Adolescent conscientiousness predicts lower lifetime unemployment

Mark Egan, Michael Daly, Liam Delaney, Christopher J. Boyce, Alex M. Wood

Research output: Contribution to journalArticlepeer-review

22 Citations (Scopus)

Abstract

Existing research on Big Five personality and unemployment has relied on personality measures elicited after the respondents had already spent years in the labor market, an experience that could change personality. We clarify the direction of influence by using the British Cohort Study (N = 4,206) to examine whether conscientiousness and other Big Five personality traits at age 16-17 predict unemployment over age 16-42. Our hypothesis that higher conscientiousness in adolescence would predict lower unemployment was supported. In analyses controlling for intelligence, gender, and parental socioeconomic status, the less conscientious (-1 SD) had a predicted probability of unemployment twice as high (3.4% vs. 1.7%) as the highly conscientious (+1 SD), an effect size comparable to intelligence. Mediation analysis revealed that academic motivation and educational attainment explained only 8.9% of this association. Fostering conscientiousness in early life may be an effective way to reduce unemployment throughout adulthood.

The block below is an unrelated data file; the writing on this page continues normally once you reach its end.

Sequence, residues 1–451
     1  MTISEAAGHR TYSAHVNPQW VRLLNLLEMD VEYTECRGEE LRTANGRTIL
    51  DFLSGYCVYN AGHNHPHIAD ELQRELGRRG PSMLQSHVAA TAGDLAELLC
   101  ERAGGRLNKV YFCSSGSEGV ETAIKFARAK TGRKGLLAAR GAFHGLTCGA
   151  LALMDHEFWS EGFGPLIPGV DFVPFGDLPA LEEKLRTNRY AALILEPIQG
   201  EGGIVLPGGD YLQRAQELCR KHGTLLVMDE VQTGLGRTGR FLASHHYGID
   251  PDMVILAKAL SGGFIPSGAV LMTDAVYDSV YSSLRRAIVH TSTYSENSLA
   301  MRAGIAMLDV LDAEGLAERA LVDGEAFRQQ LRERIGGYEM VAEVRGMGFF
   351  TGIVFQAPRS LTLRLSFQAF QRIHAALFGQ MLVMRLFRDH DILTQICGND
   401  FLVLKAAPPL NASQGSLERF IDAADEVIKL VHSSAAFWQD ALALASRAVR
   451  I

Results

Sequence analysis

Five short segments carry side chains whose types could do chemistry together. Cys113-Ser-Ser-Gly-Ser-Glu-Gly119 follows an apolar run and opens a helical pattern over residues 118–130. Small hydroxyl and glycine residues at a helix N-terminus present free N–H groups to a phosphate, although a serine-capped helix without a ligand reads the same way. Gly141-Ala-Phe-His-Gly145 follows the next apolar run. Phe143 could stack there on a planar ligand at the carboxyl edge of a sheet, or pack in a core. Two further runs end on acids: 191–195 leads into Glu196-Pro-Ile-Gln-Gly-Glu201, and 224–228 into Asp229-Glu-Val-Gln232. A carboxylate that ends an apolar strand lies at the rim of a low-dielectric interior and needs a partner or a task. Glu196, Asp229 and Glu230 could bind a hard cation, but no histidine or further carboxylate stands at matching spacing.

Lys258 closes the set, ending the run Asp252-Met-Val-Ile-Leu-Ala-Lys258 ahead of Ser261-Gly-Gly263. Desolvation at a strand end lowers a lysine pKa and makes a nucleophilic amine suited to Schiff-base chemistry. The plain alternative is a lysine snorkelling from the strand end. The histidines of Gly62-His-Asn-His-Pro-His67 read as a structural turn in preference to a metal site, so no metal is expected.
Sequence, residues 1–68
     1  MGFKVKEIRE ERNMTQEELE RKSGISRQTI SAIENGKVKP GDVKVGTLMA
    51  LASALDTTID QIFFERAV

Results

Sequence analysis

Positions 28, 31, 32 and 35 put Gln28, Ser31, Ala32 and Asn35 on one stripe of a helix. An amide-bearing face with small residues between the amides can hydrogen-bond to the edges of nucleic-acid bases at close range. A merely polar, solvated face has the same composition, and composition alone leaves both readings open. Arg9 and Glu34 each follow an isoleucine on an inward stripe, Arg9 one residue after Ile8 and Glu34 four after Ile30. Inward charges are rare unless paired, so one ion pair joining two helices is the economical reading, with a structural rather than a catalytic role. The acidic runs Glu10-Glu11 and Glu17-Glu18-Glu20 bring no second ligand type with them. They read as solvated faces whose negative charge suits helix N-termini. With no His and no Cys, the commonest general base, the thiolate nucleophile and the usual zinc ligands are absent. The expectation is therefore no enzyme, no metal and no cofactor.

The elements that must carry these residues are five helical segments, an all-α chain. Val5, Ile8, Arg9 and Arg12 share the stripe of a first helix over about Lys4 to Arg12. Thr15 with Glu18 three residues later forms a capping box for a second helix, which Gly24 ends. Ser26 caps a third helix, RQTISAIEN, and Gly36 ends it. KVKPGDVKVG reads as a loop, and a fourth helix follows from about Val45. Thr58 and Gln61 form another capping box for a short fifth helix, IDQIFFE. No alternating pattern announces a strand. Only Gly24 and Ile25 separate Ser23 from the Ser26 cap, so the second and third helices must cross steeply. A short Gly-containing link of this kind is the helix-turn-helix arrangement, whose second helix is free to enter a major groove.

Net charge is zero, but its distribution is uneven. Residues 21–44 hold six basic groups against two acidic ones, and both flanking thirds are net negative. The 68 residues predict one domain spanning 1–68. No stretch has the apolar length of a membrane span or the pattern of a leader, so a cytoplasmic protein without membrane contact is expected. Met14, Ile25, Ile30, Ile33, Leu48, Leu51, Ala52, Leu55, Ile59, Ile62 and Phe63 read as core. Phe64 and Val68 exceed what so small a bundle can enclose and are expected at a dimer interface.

Original languageEnglish
Pages (from-to)700-709
Number of pages10
JournalJournal of Applied Psychology
Volume102
Issue number4
DOIs
Publication statusPublished - 1 Apr 2017
Externally publishedYes

Keywords

  • Big Five personality
  • Cohort studies
  • Conscientiousness
  • Longitudinal data
  • Unemployment

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